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Future Seems Closer than the Past

Fri, 2013-10-11 12:36 -- llancaster
How we see the past and future could have an impact on our own happiness.
Originally published: 
Oct 11 2013 - 12:30pm
Karin Heineman, ISTV Executive Producer

Sometimes the day seems to drag on and time can’t move fast enough. Other days, time seems to fly by and time gets away from us.

In general, people experience time as moving toward the future and away from the past. In a new study, social psychologists found that people see the distance of past or future events very differently and that difference, speculates one of the authors, could affect their overall happiness.

“So, a week from now people reported that they felt psychologically closer than a week ago even though it was the same objective amount of time in either direction,” said Eugene Caruso, social psychologist at the University of Chicago.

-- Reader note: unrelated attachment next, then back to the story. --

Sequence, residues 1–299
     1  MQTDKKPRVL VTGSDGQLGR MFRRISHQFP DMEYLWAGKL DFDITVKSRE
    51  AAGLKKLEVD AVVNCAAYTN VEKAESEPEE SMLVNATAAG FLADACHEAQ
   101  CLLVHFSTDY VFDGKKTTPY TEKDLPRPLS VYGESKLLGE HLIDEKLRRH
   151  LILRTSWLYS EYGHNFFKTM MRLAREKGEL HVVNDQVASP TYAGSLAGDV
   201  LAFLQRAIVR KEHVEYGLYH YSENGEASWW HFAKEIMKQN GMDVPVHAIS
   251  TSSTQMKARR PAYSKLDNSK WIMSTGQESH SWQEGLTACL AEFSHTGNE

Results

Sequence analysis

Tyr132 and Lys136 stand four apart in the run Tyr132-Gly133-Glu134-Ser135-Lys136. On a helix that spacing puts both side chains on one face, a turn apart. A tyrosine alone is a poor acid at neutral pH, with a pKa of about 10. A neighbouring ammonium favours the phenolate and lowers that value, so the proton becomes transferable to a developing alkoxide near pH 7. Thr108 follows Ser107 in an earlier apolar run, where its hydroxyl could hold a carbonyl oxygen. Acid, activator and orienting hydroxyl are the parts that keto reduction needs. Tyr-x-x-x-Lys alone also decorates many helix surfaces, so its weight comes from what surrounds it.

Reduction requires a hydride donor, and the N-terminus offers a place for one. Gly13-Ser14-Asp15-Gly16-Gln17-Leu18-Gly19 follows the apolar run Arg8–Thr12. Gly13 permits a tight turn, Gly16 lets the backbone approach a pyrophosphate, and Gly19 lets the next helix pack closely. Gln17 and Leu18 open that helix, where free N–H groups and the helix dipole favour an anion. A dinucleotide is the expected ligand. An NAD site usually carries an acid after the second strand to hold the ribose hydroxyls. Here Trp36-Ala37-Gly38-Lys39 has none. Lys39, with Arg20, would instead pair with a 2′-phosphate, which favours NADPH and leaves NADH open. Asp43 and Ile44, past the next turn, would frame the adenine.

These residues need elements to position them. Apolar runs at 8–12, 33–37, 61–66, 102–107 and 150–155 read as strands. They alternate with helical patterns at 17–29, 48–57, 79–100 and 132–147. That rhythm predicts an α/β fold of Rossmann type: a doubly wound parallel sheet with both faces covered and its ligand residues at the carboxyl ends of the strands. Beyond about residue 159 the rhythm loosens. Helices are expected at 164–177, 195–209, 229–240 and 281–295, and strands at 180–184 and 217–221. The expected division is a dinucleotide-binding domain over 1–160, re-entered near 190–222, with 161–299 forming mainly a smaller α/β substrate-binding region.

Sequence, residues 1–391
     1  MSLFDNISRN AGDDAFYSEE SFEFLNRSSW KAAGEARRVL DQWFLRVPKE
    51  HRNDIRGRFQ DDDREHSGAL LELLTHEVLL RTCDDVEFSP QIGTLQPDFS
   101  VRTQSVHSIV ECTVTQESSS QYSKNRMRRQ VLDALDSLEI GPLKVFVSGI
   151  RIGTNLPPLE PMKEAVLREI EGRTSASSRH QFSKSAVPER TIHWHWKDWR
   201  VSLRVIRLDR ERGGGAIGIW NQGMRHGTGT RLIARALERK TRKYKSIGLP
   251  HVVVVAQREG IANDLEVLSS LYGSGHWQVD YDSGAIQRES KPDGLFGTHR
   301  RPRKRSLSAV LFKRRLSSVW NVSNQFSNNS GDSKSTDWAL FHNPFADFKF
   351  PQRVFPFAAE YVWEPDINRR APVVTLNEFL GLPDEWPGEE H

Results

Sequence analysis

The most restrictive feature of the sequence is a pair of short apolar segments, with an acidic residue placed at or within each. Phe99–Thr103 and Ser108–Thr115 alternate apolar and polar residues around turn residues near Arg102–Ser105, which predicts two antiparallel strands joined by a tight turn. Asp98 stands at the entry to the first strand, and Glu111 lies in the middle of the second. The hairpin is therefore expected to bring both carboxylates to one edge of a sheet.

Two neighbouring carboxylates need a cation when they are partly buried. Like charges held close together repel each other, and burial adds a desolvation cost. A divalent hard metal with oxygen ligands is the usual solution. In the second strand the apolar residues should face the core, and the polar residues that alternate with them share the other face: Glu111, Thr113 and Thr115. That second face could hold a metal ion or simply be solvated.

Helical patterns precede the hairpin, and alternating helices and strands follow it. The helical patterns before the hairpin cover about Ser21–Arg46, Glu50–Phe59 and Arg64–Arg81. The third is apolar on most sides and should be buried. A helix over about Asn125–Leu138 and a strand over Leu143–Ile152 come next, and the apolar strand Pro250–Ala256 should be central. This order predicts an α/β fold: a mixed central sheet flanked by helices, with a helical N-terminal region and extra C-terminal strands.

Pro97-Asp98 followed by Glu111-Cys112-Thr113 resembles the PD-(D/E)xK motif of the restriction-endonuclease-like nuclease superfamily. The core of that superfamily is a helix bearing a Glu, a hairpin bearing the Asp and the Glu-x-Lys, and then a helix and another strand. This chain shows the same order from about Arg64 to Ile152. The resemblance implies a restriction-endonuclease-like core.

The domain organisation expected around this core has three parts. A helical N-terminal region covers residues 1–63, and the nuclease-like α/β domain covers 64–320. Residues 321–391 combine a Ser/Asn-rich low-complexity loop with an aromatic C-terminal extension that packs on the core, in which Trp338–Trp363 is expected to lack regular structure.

Caruso said, “One of the reasons why people perceive their future as being closer than the past is because they have the experience of movement toward the future.”

In a virtual reality study, participants moved forward along a street towards a fountain, and others moved backwards. Those who moved backwards reported that past events began to feel closer, even though the distance each traveled was the same.

“We think that the results of these studies may have some implications for psychological well-being,” said Caruso. These results are prompting researchers to look into future studies.

Caruso said, “We’re interested in seeing whether there might be some people who show the reverse effect, namely, who see the past as being closer than the future and whether that may have implications for things like depression.”

Caruso will also test people with cultural differences to see how time is perceived across cultural backgrounds. His past research suggests that Americans seems to place a higher value on future events while East Asians place more value on history and the past.

Karin Heineman is the executive producer of Inside Science TV. She has produced over 600 video news segments on science, technology, engineering and math in the past 13 years for Inside Science TV and its predecessor, Discoveries and Breakthroughs Inside Science.

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Eugene Caruso, University of Chicago

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